Where are all the Latina Republicans?

Here’s a little-known fact: There’s not a single female Hispanic Republican in the Texas Legislature. The state hasn’t elected a Republican Latina to Congress either.

This is alarming, considering that 50 percent of Texas’ 26 million residents are female and 38 percent are Hispanic.

One of the explanations why Hispanics in general have less political representation is because they vote at lower rates. That’s a problem we need to solve, but the first step toward electing more female Hispanic Republicans like me is empowering all women.

Women vote at higher rates than men in Texas, but the political arena still lacks their presence. Of the 38 politicians representing Texas in Congress, only three are women. Women also make up only about 20 percent of the Texas Legislature.

Several factors contribute to this underrepresentation, but money tops the list. Running for office requires a war chest, which takes time to build. And because women generally have fewer ties to big business and other infrastructure like political action committees, we haven't been able to raise money at the same rate as men.

Additionally, women are still often perceived as not up to the task of serving. Despite the fact that women’s groups have historically played a large role in Texas politics, many still view women as good soldiers who can rally votes but not as generals who can lead in Austin or Washington.

In politics, women are also still treated as tokens and taken for granted. I’m often asked to speak about women’s issues. But on other issues, men sometimes only ask me to appear for a photo op so they can show that they have the support of a woman or a Latina. Frankly, it’s insulting.

These are cultural and structural problems that are ripe for change.

When I decided to run for U.S. Senate this year, it was because I wanted to help write and fix laws that were affecting my family, my work and my children’s future. No one groomed me to be a candidate, nor was I tapped on the shoulder by officials telling me it was time to run. In fact, some of my own male Republican colleagues discouraged me from seeking office. But we spread our message of limited government, job creation, health care and education with only $2,000, and 50,000 Texans showed that they were eager for a candidate whom they could relate to and who talked about real issues.

The departure of women like former U.S. Sen. Kay Bailey Hutchison and, before long, Comptroller Susan Combs from Texas politics has left a vacuum in the state’s Republican leadership. We need leaders who can push past reproductive issues and appeal to women in other ways. As Combs has said of Republicans trying to appeal to women: “Tell me that you give a flip about women’s interests. … It is not all south of the waistline.”

It’s no secret that Democratic gubernatorial candidate Wendy Davis will lose to Republican Greg Abbott in November. Her role was never to win but to simply lay the groundwork for Hillary Clinton in 2016. Democrats, after all, have long known the importance of the female vote. As for my party, we’re still desperately seeking female soldiers to step up and become generals.

What will tip the scales for women in the political arena in Texas is women themselves. We're more than just our biology. We're savvy business owners who have families to raise and a country to rebuild.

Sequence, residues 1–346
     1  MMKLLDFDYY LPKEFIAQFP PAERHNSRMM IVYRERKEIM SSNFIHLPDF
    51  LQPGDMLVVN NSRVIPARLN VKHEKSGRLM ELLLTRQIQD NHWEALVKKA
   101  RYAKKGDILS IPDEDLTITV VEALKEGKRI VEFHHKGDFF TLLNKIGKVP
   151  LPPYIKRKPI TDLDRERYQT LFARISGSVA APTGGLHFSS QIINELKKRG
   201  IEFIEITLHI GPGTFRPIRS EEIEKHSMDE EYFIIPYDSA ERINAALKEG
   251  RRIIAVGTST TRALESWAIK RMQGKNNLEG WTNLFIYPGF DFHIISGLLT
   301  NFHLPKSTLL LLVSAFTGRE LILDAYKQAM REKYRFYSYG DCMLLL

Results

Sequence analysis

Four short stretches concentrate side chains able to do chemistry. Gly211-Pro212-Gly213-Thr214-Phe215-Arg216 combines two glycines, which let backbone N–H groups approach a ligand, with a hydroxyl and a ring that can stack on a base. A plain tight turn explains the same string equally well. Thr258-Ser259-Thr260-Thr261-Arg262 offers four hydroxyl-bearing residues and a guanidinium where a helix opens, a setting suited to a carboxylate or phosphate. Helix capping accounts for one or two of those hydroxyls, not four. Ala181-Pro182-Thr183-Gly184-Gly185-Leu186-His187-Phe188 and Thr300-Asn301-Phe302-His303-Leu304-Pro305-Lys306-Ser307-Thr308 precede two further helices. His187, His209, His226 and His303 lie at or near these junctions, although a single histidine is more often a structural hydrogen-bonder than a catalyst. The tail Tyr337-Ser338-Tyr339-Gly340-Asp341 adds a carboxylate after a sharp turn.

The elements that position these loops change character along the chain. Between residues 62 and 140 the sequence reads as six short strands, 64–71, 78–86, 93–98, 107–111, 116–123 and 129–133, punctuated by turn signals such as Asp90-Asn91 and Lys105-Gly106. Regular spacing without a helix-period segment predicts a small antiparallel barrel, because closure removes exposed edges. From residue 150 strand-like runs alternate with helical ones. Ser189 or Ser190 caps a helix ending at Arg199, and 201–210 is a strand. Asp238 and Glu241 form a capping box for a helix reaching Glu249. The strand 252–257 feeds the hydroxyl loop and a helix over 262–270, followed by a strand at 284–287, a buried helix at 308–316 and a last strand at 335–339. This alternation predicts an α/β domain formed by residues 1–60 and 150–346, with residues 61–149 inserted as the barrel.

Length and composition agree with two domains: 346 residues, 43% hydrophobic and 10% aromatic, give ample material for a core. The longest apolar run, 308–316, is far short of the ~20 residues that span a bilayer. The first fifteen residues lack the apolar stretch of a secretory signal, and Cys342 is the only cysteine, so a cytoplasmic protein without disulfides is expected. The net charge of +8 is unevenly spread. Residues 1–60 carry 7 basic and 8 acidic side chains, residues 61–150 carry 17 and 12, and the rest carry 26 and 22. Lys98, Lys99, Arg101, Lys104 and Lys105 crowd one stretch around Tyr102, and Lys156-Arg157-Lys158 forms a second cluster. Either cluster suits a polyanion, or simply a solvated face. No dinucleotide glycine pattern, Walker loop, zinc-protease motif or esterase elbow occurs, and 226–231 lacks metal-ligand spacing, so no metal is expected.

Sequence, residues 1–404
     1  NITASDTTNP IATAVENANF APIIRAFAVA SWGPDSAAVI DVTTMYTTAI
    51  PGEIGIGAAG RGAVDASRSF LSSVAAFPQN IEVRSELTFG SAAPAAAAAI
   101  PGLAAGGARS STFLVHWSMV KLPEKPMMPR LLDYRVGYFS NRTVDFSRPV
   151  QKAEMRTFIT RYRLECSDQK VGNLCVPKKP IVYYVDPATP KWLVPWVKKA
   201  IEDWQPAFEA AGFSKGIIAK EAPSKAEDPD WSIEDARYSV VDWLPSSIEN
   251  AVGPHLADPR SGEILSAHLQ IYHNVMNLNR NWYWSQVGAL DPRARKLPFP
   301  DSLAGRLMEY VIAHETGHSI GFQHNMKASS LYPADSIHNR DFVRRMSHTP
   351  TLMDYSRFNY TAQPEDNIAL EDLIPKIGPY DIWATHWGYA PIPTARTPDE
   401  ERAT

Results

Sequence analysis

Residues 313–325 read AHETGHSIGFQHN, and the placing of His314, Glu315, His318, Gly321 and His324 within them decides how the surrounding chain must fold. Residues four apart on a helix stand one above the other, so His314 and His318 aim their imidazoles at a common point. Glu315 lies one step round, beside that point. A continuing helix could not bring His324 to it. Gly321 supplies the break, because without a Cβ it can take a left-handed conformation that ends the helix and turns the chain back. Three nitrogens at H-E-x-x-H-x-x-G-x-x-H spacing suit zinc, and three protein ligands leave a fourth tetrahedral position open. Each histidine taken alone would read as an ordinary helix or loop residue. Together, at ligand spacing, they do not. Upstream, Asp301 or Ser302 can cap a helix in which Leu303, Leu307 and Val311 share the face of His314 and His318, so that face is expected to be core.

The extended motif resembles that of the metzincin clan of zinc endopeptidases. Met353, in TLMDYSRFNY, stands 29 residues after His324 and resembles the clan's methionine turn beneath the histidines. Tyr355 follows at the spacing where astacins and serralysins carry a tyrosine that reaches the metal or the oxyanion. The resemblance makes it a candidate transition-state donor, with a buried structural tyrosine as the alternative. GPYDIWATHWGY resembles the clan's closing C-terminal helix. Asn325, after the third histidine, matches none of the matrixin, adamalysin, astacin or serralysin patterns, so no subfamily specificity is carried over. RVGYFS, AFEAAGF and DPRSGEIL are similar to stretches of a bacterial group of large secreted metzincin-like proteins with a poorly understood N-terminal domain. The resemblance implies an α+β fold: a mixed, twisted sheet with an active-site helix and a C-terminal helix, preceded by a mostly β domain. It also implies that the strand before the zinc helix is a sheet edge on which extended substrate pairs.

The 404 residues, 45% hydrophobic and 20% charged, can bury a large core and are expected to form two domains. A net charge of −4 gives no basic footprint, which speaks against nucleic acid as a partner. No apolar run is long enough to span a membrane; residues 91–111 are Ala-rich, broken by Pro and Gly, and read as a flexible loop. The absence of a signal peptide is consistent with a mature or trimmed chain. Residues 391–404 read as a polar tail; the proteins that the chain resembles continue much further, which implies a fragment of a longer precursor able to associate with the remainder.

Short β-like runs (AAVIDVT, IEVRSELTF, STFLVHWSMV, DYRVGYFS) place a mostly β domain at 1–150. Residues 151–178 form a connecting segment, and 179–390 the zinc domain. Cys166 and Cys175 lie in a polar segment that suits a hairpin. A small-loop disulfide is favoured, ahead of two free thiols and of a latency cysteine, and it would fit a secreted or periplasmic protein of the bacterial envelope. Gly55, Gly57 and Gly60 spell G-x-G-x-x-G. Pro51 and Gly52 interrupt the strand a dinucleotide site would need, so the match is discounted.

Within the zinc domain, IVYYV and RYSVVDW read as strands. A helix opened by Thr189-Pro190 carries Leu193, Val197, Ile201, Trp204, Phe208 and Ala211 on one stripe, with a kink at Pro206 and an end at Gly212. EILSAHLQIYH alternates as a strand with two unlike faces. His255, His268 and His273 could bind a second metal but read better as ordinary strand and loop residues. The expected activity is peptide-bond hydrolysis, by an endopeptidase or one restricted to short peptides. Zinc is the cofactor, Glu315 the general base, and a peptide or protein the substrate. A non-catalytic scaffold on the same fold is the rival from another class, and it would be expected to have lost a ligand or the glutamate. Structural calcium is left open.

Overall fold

Quoting a few statistics gives credence to an article. But are the Census statistics applicable and categorically accurate to differentiate a Latina subclass distinctively? I don't think so.
The number of Hispanics in Texas is an ambiguous concept. Who is counted? a) Those who speak or understand the Spanish language (Castellano) to SOME degree? b) Those who declared themselves Hispanic (note there are never any categories for 50-50 mixed Hispanics in a Census.) And c) do the statistics quoted refer to voters, citizens, or people of all ages?
I would propose that "Hispanic" or "Latina" stands for a cultural distinction. Many voters can be Hispanic in that sense and not understand more Spanish than: jalapeños, tortilla, salsa, and tacos, and still mispronounce those few words.
Right away, it seemed like the author was going to run for office. Well, yes. But gripe, gripe, gripe is not the way to get there. Obviously, the numerous women voters in Texas have not pushed frequently for a woman to run for office, just because she is a woman, or just because "there are not enough women in the Texas legislature". Running for office, male or female, requires appealing to the voters. If the voters don't vote for a woman, just because she is a woman, that's their right. 
"Latinas" are family oriented. That is the strength of the Hispanic family - a matriarchal unit. The matriarch governs within the home, but accedes to her husband outside her home. Its a trade, instinctive. The correct political strategy in this regard is to go for the married male Latino vote, and you get both. In passing, I should say that Hispanic tradition & experience does not favor the woman who follows a career while raising a family. For culturally Hispanics, a woman is not only for things having to do below the waistline. Nevertheless, childless women have attained great political position in Hispanic cultures throughout history, but with that caveat.
"It is not all south of the waistline" - South is actually towards Mexico.Maybe this author needs to learn some Geography and put something above the waistline, rather. Just trying to help.

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